The ICD-10 clinical field trial for mental and behavioral disorders: results in Canada and the United States.
ABSTRACT To help evaluate the impact of proposed revisions to the chapter on mental and behavioral disorders for ICD-10, the World Health Organization (WHO) Division of Mental Health organized an international clinical field trial to evaluate draft clinical descriptions and diagnostic guidelines. The authors compare interrater diagnostic reliability results from this field trial for clinicians in Canada and the United States of American with those from all other clinicians worldwide, as well as with those from field trials conducted to evaluate drafts of DSM-III.
Two or more clinicians at each clinical center independently evaluated each patient, following a study protocol that allowed clinicians to list up to six diagnoses. In Canada and the United States, 96 clinicians completed 1,781 assessments among 491 patients, and elsewhere in the world 472 clinicians completed 7,495 assessments among 1,969 patients.
Summary kappa coefficients at two-, three-, and four-character ICD-10 code levels were 0.76, 0.65, and 0.52, respectively, for Canadian and U.S. clinicians and 0.83, 0.75, and 0.62 for clinicians elsewhere. The mean number of diagnoses per assessment for Canadian and U.S. clinicians was 2.1; for clinicians elsewhere it was 1.7. More multiple coding of diagnoses for substance use disorders, mood (affective) disorders, and personality disorders by Canadian and U.S. clinicians accounted for much of the difference in diagnostic coding and in interrater reliability between them and clinicians elsewhere.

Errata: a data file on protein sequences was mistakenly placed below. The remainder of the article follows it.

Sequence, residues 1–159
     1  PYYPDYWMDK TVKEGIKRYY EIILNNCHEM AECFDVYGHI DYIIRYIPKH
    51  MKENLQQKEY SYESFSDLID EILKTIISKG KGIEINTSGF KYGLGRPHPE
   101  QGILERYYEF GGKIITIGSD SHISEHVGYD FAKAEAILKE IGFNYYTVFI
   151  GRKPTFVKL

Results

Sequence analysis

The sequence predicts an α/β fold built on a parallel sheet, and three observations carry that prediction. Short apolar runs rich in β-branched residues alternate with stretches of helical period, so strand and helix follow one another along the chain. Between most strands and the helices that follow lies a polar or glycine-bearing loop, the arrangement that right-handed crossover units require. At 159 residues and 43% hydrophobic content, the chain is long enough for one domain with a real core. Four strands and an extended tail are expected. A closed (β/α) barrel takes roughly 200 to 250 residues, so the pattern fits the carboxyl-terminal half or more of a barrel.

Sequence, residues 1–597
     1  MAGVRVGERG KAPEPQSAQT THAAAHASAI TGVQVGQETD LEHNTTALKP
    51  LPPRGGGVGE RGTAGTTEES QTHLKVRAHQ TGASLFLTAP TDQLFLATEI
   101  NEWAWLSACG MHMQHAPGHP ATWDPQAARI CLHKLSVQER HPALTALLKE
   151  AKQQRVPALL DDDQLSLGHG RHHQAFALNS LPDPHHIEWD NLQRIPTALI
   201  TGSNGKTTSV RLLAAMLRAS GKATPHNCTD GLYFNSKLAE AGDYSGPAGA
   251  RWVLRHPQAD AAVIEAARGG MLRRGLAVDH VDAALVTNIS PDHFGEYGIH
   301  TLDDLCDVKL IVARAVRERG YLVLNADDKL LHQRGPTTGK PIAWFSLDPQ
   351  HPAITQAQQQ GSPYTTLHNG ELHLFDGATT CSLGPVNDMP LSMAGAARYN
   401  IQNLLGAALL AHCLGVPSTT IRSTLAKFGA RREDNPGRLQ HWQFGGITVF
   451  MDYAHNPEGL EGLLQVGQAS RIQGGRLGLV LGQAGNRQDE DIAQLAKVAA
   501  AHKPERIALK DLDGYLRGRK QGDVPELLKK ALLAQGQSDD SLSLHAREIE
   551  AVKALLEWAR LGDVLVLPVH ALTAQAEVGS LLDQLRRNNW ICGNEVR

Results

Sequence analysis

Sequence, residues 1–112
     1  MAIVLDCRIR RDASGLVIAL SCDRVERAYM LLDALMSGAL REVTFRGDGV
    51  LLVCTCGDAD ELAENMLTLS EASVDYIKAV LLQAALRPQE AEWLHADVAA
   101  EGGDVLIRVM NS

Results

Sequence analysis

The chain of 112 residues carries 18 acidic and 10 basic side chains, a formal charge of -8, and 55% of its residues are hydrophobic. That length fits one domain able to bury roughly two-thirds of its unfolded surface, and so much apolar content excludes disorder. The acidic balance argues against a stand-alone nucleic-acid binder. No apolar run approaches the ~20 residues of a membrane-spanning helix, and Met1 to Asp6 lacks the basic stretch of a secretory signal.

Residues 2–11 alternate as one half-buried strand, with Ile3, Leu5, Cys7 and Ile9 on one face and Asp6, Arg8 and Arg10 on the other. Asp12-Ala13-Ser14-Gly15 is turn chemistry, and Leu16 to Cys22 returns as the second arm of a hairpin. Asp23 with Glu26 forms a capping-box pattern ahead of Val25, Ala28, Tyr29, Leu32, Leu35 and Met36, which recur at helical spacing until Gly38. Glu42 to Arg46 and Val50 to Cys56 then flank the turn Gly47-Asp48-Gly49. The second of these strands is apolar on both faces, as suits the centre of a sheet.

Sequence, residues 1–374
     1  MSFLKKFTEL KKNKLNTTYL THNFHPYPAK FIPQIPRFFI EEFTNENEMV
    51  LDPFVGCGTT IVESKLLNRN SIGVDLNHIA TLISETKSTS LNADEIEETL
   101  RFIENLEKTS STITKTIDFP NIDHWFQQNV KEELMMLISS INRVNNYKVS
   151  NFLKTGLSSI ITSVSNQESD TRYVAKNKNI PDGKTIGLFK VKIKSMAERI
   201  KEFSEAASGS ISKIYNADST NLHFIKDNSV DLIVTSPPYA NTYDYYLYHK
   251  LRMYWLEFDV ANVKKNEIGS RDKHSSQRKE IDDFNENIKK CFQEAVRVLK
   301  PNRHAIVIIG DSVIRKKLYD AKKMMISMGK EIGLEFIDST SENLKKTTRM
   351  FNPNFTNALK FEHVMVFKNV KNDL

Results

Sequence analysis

Interrater diagnostic reliability in Canada and the United States was similar to that of clinicians worldwide and also to results from the DSM-III field tests. Use of more multiple coding of selected disorders by Canadian and U.S. clinicians may reflect the influence of DSM-III and DSM-III-R, which encourage multiple diagnostic entries and the use of separate multiaxial coding for personality disorders, and may have reduced interrater concurrence for some categories. Further, collaborative development of ICD-10 with DSM-IV has aligned these two systems more closely.
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ABSTRACT: Lithium has been a first-line choice for maintenance treatment of bipolar disorders to prevent relapse of mania and depression, but many patients do not have a response to lithium treatment. We selected subgroups from a sample of 1761 patients of Han Chinese descent with bipolar I disorder who were recruited by the Taiwan Bipolar Consortium. We assessed their response to lithium treatment using the Alda scale and performed a genomewide association study on samples from one subgroup of 294 patients with bipolar I disorder who were receiving lithium treatment. We then tested the single-nucleotide polymorphisms (SNPs) that showed the strongest association with a response to lithium for association in a replication sample of 100 patients and tested them further in a follow-up sample of 24 patients. We sequenced the exons, exon-intron boundaries, and part of the promoter of the gene encoding glutamate decarboxylase-like protein 1 (GADL1) in 94 patients who had a response to lithium and in 94 patients who did not have a response in the genomewide association sample. Two SNPs in high linkage disequilibrium, rs17026688 and rs17026651, that are located in the introns of GADL1 showed the strongest associations in the genomewide association study (P=5.50×10(-37) and P=2.52×10(-37), respectively) and in the replication sample of 100 patients (P=9.19×10(-15) for each SNP). These two SNPs had a sensitivity of 93% for predicting a response to lithium and differentiated between patients with a good response and those with a poor response in the follow-up cohort. Resequencing of GADL1 revealed a novel variant, IVS8+48delG, which lies in intron 8 of the gene, is in complete linkage disequilibrium with rs17026688 and is predicted to affect splicing. Genetic variations in GADL1 are associated with the response to lithium maintenance treatment for bipolar I disorder in patients of Han Chinese descent. (Funded by Academia Sinica and others.).New England Journal of Medicine 01/2014; 370(2):119-28. DOI:10.1056/NEJMoa1212444 · 54.42 Impact Factor